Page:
The Africa Internship Academy (AIA), a youth employment accelerator in Ghana, is planning an Africa Youth Skills and Data Badge programme. The AIA provides entrepreneurship and job readiness programs for the Ghanaian youth to give them entrepreneurial skills.
The AIA provides mentors for the participants. These mentors connect the interns to businesses which are looking for entry-level. That’s not all. The AIA also nurtures those with entrepreneurial ideas and help them to launch through their AIA Business Starter Pack Program.
The African Union recognises AIA’s ideas and methods as one of Africa’ best tools for youth development. The youth employment accelerator also won the Social Enterprise Award in 2017.
Emmanuel Leslie Addae, the co-founder of the Africa Internship Academy believes there’s a mismatch in creativity towards job opportunities.
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“Youth unemployment in Ghana is basically not because there are no jobs in Ghana. There is a mismatch between the jobs available in the country and the young people who are desperately searching for work. The gap is in creativity and innovation skills, poor social networks, limited resources to look for work, poor attitudes of graduates towards job opportunities, and unavailability of funding capital for entrepreneurship.”
In Ghana alone, about 120,000 people graduate with just about 10% getting employment after the first year of completion. Yet every year, a significant number of vacancies don’t get filled. This is because of the employers not finding people who are ready for the particular job description.
AIA’s 3 Pillars to bridge youth unemployment: training, internships, mentorships
Launched in 2016, the AIA combines internship, work training and mentorship to deliver the ideal solution for youth unemployment in the country. The organisation implemented the Work Integrated Learning Program (WILP). This is a practical and effective method to provide young people with relevant and progressive skills.
According to Emmanuel Addae, the co-founder, the program is a way to prep the youth to be work-ready. “The goal is to make them work-ready. We teach them about design thinking, emotional intelligence in the workplace, financial literacy skills, entrepreneurial skills, presentation/communication skills and organizational skills. The training is then complemented with internship placements in companies with active mentoring, offered by 50 companies and 150 experienced mentors.”
The combination of training, internship and mentoring has seen good results, according to the co-founder. According to Addae, out of the 195 fellows who from the program, over 32% have self-employment. 28% of them are full-time workers in various organizations, 11% are part-time workers, with 9% currently volunteering. The rest 15% and 5% are working on contract and still in school, respectively.
Addae stressed that 21st century skill-sets are given more credence in training the youth. Also, AIA equips participants with organisational skills to aid in properly planning tasks and proper time management.
“There are several, such as communication skills, networking skills, research skills and team work skills. Teamwork forms an integral part of life. One must be taught how to integrate properly with people of different background and orientation. Interaction, collaboration, negotiation and compromise are some essentials of an excellent teamwork….We also hope to spark creativity. We believe a creative mind triggers success and excellence.”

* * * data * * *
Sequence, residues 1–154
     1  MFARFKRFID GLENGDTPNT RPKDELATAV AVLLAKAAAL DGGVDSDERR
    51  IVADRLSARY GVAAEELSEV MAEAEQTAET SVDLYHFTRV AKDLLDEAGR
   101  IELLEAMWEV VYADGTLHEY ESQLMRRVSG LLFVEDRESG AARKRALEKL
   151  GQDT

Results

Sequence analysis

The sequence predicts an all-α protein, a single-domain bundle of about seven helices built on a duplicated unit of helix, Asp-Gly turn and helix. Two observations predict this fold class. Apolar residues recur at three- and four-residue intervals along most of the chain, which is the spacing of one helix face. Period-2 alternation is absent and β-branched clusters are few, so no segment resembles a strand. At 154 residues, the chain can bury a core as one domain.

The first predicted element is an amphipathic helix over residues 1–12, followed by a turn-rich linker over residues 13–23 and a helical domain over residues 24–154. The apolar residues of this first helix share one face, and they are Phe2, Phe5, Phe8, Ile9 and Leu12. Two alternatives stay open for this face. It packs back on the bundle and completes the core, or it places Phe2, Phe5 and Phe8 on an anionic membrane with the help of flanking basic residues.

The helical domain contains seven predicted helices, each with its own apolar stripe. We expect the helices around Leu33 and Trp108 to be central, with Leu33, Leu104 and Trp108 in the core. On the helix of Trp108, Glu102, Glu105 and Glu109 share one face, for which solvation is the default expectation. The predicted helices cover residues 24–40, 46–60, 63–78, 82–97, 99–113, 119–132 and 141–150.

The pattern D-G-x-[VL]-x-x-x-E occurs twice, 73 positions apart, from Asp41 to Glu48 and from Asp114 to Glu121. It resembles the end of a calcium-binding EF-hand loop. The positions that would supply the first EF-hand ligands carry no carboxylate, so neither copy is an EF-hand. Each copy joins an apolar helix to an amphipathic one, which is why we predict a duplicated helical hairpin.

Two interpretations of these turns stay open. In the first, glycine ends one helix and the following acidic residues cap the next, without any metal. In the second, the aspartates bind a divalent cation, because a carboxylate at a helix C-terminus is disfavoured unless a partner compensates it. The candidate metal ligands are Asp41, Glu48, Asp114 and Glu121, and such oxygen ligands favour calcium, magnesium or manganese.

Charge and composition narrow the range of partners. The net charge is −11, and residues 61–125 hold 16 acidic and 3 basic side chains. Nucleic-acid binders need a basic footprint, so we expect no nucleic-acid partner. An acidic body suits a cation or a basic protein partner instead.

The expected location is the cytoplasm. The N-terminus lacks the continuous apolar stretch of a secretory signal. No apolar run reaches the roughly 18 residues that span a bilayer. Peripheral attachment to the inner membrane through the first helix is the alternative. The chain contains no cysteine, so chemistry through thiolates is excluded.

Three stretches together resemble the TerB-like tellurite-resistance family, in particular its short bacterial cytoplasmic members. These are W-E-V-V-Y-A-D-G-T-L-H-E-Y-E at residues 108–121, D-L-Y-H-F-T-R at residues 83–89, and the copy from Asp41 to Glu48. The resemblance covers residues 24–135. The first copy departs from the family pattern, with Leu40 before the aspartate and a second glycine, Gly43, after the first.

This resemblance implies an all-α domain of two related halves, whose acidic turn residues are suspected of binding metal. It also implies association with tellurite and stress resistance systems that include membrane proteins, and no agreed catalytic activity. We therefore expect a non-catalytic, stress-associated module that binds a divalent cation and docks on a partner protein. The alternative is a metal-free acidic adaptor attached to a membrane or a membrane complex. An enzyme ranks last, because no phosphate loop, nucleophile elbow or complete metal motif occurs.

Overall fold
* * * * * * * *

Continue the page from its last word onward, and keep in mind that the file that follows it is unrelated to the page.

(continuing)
Sponsorship and Funding
Sponsorships, according to Addae, are the main source of survival of AIA over the years.
“Finding partners and sponsors have not been easy. The first partner we had for the AIA internship program was Ecobank, they agreed to host our fellows after the 4 weeks integrated learning program. As I speak to you we have about 50 organizations that host our fellows for additional one month internship at their various organizations. Apart of training young people, the other major task is to find partners who will fund as well as host the interns after the program. We leverage on our relationships with corporate companies to support the program. With regards to finding mentors, we normally do Mentors call, where we get people to volunteer to mentor fellows.”
Since finding employment in Africa is difficult, Addae and his partners, have built an innovative job search platform, TalentsInAfrica. This platform offers the opportunity for people to find their unique skills, and find jobs that fit their skills.
“We observed that training and equipping people with skills was very good, but we needed an additional platform that could connect these people with active recruiters across Africa. We realized we could utilize our numerous contacts we have over the years got. Since we have direct contacts with active entry talent recruiters across Africa, we decided that, after training people, we will give them the opportunity to sign on a platform that could connect them directly to these recruiters in Africa. This was how TalentsinAfrica.com came about.”
“We launched the platform in Ghana, Rwanda, Kenya, Nigeria, Tanzania, Senegal and Cote D’ivoire. We believe that a workable solution in Ghana can easily work in other part of Africa since we share similar problems. It is our aim to have presence in every part of this continent, but we want to pilot it in these six countries first.”
This year, AIA plans to establish the “Africa Youth Skills & Data Badge” program across Africa. The program will see young people go through particular trainings to gain certifications. This plan seeks to create a primarily skills mind-set and attitude among the youth in Africa, especially, higher education students.